4. Beat Schindler on 22.11.2011 at 14:33 (Reply)

    Great quotes, thanks for sharing. So true, atheists reject the notion that theirs is a religion, too. Like other religious people, they are deeply divisive.
    My fav life changing quote: Ships are safe in harbor, but that’s not what ships are built for. Life, as I was lucky enough to discover, is more fully, well, life, when it’s abundant :-] Wrote about it, briefly, here http://www.beatschindler.com/abundant-life/

  5. Lloyd Farrell on 22.11.2011 at 15:18 (Reply)

    Thanks for letting me know the reference for the quote…that is one of the books by Campbell that I have never read so gonna seek that one out!! L

  6. stephen price on 27.11.2011 at 17:24 (Reply)

    Quote #1: This one does it for me. I’ve been staring at this for some time now. Time to put away the ice pick and use the sledge hammer. As the barrier starts to recede, I can see the fourth quote start to surface. It doesn’t seem as wide as I think. Stephen Price.

  7. Michael Morrissey on 22.04.2012 at 06:39 (Reply)

    Is this Susan Cain also the author of “Dark Illumination”? If so, why is this being hushed up?

    1. Rich Day on 06.03.2014 at 21:19 (Reply)

      The author of the poetry “Dark Illumination” resides in Arizona. The author of Quiet and this blog site resides in NYC. Same name, 2 different authors.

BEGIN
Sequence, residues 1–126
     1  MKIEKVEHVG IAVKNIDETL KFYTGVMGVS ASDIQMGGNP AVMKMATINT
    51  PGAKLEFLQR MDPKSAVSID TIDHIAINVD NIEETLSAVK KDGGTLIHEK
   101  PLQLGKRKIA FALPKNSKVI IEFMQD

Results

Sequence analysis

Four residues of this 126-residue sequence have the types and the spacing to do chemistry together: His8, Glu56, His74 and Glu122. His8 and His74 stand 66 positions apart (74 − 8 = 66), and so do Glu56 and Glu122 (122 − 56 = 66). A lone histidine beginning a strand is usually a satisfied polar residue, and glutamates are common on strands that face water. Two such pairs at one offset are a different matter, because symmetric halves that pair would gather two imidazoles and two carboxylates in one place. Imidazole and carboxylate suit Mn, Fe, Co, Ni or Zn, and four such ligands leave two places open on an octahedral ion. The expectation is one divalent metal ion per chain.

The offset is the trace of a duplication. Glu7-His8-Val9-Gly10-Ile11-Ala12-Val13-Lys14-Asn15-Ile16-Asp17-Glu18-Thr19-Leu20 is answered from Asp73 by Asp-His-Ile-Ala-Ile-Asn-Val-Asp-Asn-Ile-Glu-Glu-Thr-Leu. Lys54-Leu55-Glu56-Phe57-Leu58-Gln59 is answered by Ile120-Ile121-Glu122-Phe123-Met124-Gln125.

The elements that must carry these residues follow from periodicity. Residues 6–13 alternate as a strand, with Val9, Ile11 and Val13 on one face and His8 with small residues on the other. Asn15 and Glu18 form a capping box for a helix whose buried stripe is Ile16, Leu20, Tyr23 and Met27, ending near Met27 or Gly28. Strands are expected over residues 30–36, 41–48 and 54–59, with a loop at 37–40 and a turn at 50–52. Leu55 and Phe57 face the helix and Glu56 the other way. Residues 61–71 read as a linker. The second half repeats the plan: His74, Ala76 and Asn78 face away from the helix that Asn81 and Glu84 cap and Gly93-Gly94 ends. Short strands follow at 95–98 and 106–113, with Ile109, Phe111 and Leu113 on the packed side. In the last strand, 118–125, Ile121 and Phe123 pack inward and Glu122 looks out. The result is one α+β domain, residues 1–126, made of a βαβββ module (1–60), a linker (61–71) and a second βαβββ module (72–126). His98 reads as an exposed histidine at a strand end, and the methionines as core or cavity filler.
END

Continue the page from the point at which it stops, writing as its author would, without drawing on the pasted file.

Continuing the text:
8. Renaat Corthouts on 06.03.2014 at 15:04 (Reply)

    Thanks for the reading tips.
    But besides a little note book in my pocket, I think I will do not nothing more than sit and watch the Swiss Alps and get inspired. Have a wonderful weekend all, Renaat

    Having re-read Charles Bukowski I’m again struggling with his point: “The point is, there’s no point;’
    All help is really appreciated.

    Kindest regards,
    Renaat

  9. Rich Day on 06.03.2014 at 15:40 (Reply)

    Wow, so much to think about. But I’ll respond to the religious metaphor comment.

    I come from a tradition of religion, and one that I left. I really left the dogma, which for me I am certain is inadequate. Neither the dogma of science and atheism, nor the dogma of a specific religion seems adequate to me.

    I am agnostic, somewhat of a mystic. I would call myself “a fly fisher agnostic”, and if you’ve ever been fly fishing then you know that while you want to see the fish what you see mostly is a reflection of yourself and your world as you try and look into the water. Still, as you look, often times even looking at and through your reflection there is a shadow of a glimpse beneath. You see this shadow, but you can never quite “have it”, it eludes. For myself, I’ll never quit looking, but also know I’ll never capture God in the words of dogma. But the search takes me to a higher place. I love the fact that what comes to me about God, can only come as metaphor.